Absurdly Driven looks at the world of business with a skeptical eye and a firmly rooted tongue in cheek. 

In my dimmer moments, I'm often told to put two and two together.

Honestly, I sometimes struggle putting one with one.

Here, though, is my latest effort. 

It concerns Amazon, that large, recondite company that's suddenly become associated with scandal, subterfuge, Alexandria Ocasio-Cortez, Donald Trump, Saudi Arabia and Queens.

Over the last week, a couple of authoritative-sounding headlines have slithered beneath my eyes.

The first from Yahoo FinanceWhole Foods drops small-format 365 store name.

Not so long ago, I wrote about how Amazon was halting the rollout of the supposedly cheaper Whole Foods 365 concept.

Now it's apparently abandoning the concept. All of its 365 stores, says Yahoo, will become regular old Whole Foods emporiums.

After all, prices are coming down at Whole Foods anyway. As is, some regular shoppers tell me, product quality.

Why, the stores now sell Honey-Nut Cheerios, which don't sound excessively organic.

Now for the second headline, this time from the Wall Street JournalAmazon to Launch New Grocery-Store Business.

The Journal says the idea is for Amazon "to broaden its reach in the food business and touch more aspects of consumers' lives."

Goodness, is there any aspect of consumers' lives Amazon hasn't touched lately?

These new stores apparently won't be called Whole Foods.

Does that mean they'll be Partial Foods?

Or might they carry the Amazon name? Welcome to the AmaZone.

The tittle-tattle suggests these grocery stores will be significantly cheaper than Whole Foods and that Amazon might even try to buy a regional grocery chain to give the idea a little momentum.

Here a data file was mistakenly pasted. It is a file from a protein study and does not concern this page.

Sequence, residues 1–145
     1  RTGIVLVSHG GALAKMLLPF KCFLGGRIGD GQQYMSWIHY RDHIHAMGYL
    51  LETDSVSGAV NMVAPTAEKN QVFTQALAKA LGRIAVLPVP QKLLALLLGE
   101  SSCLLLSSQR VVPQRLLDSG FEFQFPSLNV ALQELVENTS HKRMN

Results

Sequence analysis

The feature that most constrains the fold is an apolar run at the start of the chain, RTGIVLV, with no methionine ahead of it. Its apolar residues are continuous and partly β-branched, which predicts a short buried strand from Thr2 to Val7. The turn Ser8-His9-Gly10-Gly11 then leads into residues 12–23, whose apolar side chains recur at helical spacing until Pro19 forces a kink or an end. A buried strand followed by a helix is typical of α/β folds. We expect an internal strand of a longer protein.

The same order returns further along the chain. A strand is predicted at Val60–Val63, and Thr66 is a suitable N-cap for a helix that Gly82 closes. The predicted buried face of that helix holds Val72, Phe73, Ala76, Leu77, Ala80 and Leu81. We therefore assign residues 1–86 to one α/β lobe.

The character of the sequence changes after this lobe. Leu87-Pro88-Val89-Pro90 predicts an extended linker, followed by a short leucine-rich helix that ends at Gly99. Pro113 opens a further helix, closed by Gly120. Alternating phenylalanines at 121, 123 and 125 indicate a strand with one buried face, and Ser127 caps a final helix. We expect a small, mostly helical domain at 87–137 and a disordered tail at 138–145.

In essence, then, perhaps Amazon understands that real human beings realized the 365 stores were just watered-down Whole Foods.

Perhaps it also understands that it can have a physical presence in more communities -- not just fancy ones -- with a completely different brand that those communities can, in time, trust.

Of course, everything with Amazon is an experiment.

Some high-flying executive has likely written a very erudite six-page document to describe the sort of brand slightly less well-off city dwellers might warm to. 

Many might see this as more direct competition to the populist likes of Walmart, as well as an increased effort to be a physical presence, because some people really do like to buy things -- especially fresh things -- from physical stores.

Ultimately, when you have boundless energy and money, you can enact many experiments.

This doesn't mean that Amazon has it easy.

Some of its delivery efforts seem to be showing strain, so much so that the company is now trying to get customers to designate one lone day a week for the arrival of its boxes.

Amazon also has its weaknesses.

It doesn't have a remarkable record of creating new brands. 

There are many brand names on its site that are actually owned by Amazon and are entirely forgettable.

Once you're in the physical world, however, you have to create a greater emotional connection.

I wonder how Amazon plans to do that.